Mouth Ulcers: Symptoms, Causes, and Treatments

added on: December 26, 2022
John Highsmith, DDS

Mouth ulcers are small, often painful sores that can develop inside your mouth in various places such as your cheeks, tongue, gums, or lips. While having one can certainly be an inconvenience and cause a few days of discomfort, they’re usually no cause for concern. In fact, most ulcers heal and disappear on their own without treatment from your dentist in Clyde. However, there are occasions when an ulcer may be a sign of something more serious. 

Symptoms of a Mouth Ulcer

The most common symptoms of mouth ulcers are small, painful lesions. These lesions typically have red outside with white, yellow, or gray centers. Ulcers are not contagious, but new ones can show up close to the time when older ones heal. Additionally, it’s common to have a few ulcers at one time. Sometimes, ulcers will also go hand-in-hand with a fever. 

Causes of Ulcers

Several different things can cause an ulcer to develop, and these causes can vary from person to person and even from ulcer to ulcer. What we do know is that ulcers can be hereditary, and those with a family history of mouth ulcers are more likely to develop them as well. Other factors that can cause ulcers include: 

  • Injuries to the mouth such as biting your cheek or tongue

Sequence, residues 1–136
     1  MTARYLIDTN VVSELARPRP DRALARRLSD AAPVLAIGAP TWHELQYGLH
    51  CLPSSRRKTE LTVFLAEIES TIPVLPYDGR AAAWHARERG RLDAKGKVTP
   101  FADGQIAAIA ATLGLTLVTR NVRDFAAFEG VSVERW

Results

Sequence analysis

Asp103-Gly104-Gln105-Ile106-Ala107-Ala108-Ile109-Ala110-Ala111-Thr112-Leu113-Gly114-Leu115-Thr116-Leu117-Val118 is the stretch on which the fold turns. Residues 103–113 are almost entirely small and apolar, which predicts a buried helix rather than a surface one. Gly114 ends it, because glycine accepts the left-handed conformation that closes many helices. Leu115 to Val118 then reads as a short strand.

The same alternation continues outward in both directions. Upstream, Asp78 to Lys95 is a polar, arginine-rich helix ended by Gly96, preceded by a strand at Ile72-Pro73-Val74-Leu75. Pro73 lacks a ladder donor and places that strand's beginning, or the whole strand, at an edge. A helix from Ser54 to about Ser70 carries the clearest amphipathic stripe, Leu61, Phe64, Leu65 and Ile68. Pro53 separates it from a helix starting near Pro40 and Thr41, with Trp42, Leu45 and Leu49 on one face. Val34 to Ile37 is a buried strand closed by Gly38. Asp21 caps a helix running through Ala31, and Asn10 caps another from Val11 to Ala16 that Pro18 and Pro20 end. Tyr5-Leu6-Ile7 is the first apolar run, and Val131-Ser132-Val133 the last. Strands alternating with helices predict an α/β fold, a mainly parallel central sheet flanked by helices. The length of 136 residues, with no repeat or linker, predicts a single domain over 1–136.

• Spicy, salty, or acidic foods
  • Devices such as braces, dentures, or a mouthguard that rub 
  • Stress and anxiety
  • Hormonal changes

People with certain medical conditions are also more likely to develop ulcers. 

  • Inflammatory Bowel Disease such as Crohn’s or Ulcerative Colitis
  • Celiac disease
  • Diabetes
  • Viruses 
  • Lupus

Ulcer Treatment

Treating an ulcer can often be done at home through remedies such as rinsing with warm salt water a few times a day, using an over-the-counter anesthetic, and avoiding trigger foods. Occasionally, your dentist in Clyde will recommend corticosteroids or antiseptic treatments. 

It’s important to note that most ulcers will go away on their own within 10-14 days. If it doesn’t, it’s time to see your dentist. 

The Link Between Ulcers & Oral Cancer

Sometimes an ulcer could indicate a bigger problem such as oral cancer. Ulcers that do not heal on their own, such as those that don’t go away within 10-14 days, may be a sign of oral cancer. Schedule an appointment with your dentist in Clyde immediately if you notice: 

  • An area that looks like it could be an ulcer but doesn’t have any pain
  • Rough or hard patches in the mouth
  • Oral cancer is most likely to have ulcer-like sores under or on the tongue

Ulcers can absolutely be a pain, both literally and figuratively. But they should go away on their own within two weeks. If you do have an ulcer or suspect oral cancer, get to your dentist quickly. Oral cancer is often treatable and treatment is more successful in the early stages.